ASIDE: You have NO IDEA how many times I hear comics pros complain about interviewers who have done no research and ask lame, boilerplate questions. With the number of websites/blogs/newspapers going after interviews with even peripheral players on the comics scene, it’s all blurring into a big oatmeal mess. As an editor, my interview guidelines always include reading AT LEAST TWO previous interviews with a subject; my own research for an interview usually takes longer than the interview (one of the reasons I don’t have as much time as I like to do interviews for this site) — and researching an EMAIL interview takes as long or even longer than phoners, because you have to work harder to make the questions sound spontaneous. Anyway people, it IS noticed, and it is annoying. Raise the bar!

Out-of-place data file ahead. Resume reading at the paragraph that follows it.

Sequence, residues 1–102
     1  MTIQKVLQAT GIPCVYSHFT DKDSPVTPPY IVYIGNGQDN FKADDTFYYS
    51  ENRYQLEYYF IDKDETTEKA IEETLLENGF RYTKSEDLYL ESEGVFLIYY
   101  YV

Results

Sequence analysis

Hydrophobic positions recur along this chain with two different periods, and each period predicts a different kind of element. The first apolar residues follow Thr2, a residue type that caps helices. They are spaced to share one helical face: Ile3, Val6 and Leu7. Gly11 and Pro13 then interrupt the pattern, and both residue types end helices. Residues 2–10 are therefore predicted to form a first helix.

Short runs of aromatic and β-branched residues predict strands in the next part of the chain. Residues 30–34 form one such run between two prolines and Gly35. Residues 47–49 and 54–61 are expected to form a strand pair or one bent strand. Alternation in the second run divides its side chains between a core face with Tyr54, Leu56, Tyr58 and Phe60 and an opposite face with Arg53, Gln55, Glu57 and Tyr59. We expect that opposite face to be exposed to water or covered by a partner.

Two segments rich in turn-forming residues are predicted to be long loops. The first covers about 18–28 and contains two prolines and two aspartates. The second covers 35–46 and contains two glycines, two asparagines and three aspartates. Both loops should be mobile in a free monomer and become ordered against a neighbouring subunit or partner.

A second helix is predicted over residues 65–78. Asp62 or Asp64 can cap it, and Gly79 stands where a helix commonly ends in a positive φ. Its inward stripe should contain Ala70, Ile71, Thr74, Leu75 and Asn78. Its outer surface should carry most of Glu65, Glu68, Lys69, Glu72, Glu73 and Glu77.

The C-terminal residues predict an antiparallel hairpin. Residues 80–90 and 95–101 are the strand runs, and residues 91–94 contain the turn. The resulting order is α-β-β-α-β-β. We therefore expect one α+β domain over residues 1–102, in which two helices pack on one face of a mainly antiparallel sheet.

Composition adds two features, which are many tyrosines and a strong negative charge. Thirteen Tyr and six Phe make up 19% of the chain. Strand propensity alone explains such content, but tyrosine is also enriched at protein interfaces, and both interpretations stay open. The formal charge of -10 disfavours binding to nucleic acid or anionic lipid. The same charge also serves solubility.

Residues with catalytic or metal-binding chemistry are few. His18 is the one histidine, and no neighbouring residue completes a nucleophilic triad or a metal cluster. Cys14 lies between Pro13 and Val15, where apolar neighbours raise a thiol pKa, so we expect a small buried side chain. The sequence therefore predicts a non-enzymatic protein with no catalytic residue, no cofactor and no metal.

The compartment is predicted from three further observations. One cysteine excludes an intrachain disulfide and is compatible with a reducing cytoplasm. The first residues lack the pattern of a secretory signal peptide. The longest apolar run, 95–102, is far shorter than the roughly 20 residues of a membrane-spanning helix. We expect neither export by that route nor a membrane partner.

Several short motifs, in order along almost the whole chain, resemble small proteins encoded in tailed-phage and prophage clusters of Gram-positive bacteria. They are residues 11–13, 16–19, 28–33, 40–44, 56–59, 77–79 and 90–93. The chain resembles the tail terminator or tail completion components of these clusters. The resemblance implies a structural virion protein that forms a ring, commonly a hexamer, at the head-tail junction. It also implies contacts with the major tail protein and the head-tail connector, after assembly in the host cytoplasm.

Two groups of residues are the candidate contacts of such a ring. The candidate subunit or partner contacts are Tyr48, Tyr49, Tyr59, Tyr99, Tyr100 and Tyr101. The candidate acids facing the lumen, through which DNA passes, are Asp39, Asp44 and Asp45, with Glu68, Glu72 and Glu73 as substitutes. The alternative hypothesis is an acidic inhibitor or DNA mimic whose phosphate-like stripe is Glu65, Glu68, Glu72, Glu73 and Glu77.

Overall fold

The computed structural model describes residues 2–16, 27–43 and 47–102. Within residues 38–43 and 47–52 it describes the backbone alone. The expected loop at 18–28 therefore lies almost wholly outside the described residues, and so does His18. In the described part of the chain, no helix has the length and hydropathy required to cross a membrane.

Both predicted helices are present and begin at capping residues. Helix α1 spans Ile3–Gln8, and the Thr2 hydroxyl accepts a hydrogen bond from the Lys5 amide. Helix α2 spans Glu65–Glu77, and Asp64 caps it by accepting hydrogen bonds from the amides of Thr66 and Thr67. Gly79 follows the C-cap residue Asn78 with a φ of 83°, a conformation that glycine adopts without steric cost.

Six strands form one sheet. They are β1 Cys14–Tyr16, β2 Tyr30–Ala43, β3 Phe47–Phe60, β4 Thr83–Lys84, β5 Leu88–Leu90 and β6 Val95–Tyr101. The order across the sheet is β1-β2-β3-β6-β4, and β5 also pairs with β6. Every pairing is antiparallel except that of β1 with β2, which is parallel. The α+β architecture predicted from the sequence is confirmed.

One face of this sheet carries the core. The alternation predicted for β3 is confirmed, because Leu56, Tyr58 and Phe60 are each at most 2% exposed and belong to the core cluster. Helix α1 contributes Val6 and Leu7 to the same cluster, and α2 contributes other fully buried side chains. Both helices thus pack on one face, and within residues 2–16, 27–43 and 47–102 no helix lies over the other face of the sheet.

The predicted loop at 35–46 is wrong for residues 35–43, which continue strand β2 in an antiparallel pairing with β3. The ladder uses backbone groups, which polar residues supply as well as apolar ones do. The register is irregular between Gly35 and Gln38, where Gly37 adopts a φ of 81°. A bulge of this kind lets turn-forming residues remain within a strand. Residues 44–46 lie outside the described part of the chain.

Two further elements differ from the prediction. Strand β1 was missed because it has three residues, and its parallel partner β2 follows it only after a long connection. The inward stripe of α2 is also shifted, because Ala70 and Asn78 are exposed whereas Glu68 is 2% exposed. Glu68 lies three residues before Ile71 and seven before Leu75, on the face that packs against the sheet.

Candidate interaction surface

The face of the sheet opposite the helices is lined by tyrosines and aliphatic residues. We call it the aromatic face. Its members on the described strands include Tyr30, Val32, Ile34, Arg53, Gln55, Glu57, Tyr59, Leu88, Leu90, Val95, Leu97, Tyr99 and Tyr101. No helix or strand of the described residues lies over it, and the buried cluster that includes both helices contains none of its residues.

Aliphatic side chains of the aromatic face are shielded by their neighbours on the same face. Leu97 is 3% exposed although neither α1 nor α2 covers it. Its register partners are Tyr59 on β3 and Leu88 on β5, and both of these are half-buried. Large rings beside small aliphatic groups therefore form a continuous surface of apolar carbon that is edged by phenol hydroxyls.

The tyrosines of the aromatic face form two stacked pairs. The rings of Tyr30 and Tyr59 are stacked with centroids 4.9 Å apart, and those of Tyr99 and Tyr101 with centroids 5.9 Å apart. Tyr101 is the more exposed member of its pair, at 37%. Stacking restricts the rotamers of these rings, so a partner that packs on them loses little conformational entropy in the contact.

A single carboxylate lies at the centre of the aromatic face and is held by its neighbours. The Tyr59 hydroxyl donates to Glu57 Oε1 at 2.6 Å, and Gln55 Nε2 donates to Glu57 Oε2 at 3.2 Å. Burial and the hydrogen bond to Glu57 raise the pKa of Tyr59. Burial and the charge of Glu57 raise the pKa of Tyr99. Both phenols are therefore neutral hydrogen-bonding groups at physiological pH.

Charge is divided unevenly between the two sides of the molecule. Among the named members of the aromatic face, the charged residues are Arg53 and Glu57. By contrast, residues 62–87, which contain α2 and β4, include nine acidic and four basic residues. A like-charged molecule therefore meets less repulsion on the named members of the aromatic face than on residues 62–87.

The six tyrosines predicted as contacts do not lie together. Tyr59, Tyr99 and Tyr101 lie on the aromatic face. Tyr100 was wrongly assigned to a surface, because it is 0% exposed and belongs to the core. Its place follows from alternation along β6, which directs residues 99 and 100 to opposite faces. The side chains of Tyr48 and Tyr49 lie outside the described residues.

We appreciate the feedback we’ve received as to the perceived dearth of female contributors to the new TCJ.com. We’re sensitive to these concerns, and simply ask that our readers not rush to judgment. We are still in the confirmation process with many great potential writers. Over the following weeks and months we will be publishing lots of content about female and male artists, written by both female and male contributors. As we said in our interview with the Comics Reporter, one of our stated goals for TCJ.com is to make the site “a place for a plurality of real, idiosyncratic, and conflicting voices.” Obviously we can’t have that without diversity in the genders of those voices. (By the way, if you have a suggestion for a contributor you’d like to see here, of any gender, please feel free to contact us at email@example.com. The e-mailbox is always open.)
As we’ve stated before, we have faith in the new TCJ team; this sort of direct, confident reply is the sort of thing which indicates that faith is justified.
And here’s another: a long analysis of Grant Morrison’s INVISIBLES by someone named Amy Poodle called Bomb Light in Faraway Windows: The Invisibles and Hauntology: